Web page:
São Paulo – The history of Arab immigration in Brazil is recorded in many aspects, including food. And within food, there is a universe of possibilities. To analyze these potential topics, Museu do Café in Santos investigates and hears immigrants from Arab countries on this bean.
For the oral history project Memórias do Café Árabe (Arab Coffee Memories), researchers Bruno Bortoloto and Pietro Amorin are listening people from these countries who now reside in Brazil. “The intention is to have more access to a culture we know little of, and specially see it from the Arab point of view, not our own Western perspective. Sometimes we see it in the wrong way,” said Bortoloto to ANBA.
The initiative started when, in 2016, the Santos museum board made contact with the Coffee Museum in Dubai, United Arab Emirates. “The idea is to give voice for those people. We noticed the Arabic coffee culture is under-studied even among baristas. You have only the way to make that coffee but don’t see the rites and traditions involved in it. It may be even a question of Brazilian taste,” said the researcher. The initial intention is to make an exhibition about the Arabic coffee both here and there. Dubai’s Coffe Museum executive director Khalid Al Mulla even donated some objects (picture above) to the Brazilian museum.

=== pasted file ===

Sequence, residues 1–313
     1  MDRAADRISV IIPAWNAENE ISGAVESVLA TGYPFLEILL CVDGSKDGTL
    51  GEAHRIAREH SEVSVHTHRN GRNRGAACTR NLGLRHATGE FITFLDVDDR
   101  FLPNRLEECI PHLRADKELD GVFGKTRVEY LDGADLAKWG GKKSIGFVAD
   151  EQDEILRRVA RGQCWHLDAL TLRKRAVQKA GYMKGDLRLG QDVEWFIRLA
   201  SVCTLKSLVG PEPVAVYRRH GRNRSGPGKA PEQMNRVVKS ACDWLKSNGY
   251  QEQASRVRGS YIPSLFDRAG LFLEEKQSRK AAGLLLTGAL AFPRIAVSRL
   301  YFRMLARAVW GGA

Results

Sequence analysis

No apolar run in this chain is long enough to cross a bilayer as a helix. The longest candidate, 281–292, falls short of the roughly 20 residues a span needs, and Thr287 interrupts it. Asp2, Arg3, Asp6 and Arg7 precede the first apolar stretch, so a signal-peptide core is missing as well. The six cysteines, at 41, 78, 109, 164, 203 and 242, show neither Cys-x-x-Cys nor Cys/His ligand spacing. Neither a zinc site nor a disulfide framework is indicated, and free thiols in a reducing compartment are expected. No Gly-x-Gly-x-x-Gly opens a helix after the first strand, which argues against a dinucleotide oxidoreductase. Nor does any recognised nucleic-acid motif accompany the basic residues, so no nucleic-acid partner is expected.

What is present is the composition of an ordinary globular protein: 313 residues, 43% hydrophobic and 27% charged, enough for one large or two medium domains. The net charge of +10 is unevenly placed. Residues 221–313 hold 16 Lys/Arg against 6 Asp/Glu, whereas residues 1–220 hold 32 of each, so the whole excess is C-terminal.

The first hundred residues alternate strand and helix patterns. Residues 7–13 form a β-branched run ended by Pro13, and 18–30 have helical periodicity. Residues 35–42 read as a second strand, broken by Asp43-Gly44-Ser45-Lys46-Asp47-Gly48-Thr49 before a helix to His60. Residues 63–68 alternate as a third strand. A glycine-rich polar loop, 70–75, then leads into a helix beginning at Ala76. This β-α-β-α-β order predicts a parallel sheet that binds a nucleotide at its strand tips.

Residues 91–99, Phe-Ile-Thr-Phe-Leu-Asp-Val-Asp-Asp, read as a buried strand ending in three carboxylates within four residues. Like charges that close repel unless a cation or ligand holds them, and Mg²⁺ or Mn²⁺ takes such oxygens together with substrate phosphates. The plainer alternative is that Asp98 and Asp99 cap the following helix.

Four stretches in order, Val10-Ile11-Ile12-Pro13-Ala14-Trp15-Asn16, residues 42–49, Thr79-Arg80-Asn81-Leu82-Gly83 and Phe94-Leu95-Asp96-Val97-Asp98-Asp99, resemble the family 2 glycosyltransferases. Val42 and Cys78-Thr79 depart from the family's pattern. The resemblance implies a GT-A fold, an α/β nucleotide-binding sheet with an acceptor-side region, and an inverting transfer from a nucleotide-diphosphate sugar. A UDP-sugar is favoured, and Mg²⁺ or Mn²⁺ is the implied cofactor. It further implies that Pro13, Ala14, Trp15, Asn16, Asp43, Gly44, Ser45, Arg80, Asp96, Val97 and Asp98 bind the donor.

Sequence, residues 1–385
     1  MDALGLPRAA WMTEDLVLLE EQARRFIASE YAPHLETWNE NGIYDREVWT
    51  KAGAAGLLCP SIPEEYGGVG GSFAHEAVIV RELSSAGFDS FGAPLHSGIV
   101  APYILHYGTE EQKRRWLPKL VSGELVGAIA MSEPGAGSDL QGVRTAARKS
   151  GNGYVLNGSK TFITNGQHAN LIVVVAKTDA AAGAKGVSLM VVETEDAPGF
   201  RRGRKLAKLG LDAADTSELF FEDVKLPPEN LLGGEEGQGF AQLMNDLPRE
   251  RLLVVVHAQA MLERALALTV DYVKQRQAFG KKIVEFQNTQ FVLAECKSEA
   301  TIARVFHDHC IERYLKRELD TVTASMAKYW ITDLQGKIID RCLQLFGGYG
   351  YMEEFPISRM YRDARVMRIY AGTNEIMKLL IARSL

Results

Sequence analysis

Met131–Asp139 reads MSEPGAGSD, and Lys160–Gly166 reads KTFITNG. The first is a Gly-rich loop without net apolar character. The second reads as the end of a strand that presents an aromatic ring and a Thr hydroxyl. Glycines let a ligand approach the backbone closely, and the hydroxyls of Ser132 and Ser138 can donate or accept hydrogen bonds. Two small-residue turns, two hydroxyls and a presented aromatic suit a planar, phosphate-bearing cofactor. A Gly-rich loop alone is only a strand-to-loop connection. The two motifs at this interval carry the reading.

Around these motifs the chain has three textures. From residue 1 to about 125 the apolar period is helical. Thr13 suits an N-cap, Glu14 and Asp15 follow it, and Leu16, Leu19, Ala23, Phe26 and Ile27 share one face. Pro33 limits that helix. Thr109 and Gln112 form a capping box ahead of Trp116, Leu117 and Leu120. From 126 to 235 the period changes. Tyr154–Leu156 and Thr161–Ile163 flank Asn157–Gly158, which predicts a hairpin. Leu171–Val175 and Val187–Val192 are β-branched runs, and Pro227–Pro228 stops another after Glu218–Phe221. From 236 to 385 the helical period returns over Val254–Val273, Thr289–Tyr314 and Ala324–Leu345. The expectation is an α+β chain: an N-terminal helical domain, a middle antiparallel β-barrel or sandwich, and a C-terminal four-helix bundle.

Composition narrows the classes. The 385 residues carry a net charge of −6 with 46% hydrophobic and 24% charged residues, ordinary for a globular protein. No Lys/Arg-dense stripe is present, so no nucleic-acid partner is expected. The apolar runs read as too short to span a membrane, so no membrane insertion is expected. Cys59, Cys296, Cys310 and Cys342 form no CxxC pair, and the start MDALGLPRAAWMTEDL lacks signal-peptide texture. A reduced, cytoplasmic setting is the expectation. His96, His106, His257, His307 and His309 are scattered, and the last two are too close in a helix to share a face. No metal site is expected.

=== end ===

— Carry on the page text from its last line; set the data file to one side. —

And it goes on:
From this first outline until now, two years have passed. “We became interested in the topic and I searched if there was a bibliography on the theme. We discovered the Arab coffee was inscribed in 2015 as Intangible Cultural Heritage of Humanity by UNESCO. We found the inscription inventories in Oman, UAE, Qatar and Saudi Arabia. There we saw there was something to investigate. The inventories from UAE are very comprehensive on the traditions, rites and objects they used to brew the coffee and point out the specific items from the Bedouin peoples,” told Bortoloto. UNESCO is the United Nations Education, Scientific and Cultural Organization.
Wondering how to investigate further in Brazil, the researchers started looking for an answer within the Arab community in Brazil. “We looked for emigrates, from the ones that arrived in the 60s and 70s to the current ones, from the most different backgrounds. So far, we’ve interviewed Lebanese and Syrian. And, based on the UNESCO document, we established some questions to know if the Arabic coffee is still present in their lives. How was it in you home country? And how are the rites of the Arab coffee here in Brazil? During the researches, we saw that much is talked about coffee in funeral, weddings, for example,” stressed Bortoloto.
This ongoing process started in 2017, and researchers are now screening for potential interviewees. The idea is making audio and texts available online in the future. For now, they interviewed six people. Among them, Syrian refugees that arrived between 2013 and 2015, and Lebanese.
Just like the language itself changes from an Arab country to another, the researcher explains the same happens to the utensils used to brew the coffee. In the Mediterranean side, the rakwe is used. In Gulf, the name given to the pot is dallah. Some of these objects, such as funjals or finjians (cups) and Altawa and Almehmas (roasting pan and stirrer) were donated by Dubai’s Coffee Museum executive director Khalid Al Mulla to the Brazilian museum and will be present at the exhibition. The expectation is for the show to happen until the end of the year with the selected material.
Translated by Guilherme Miranda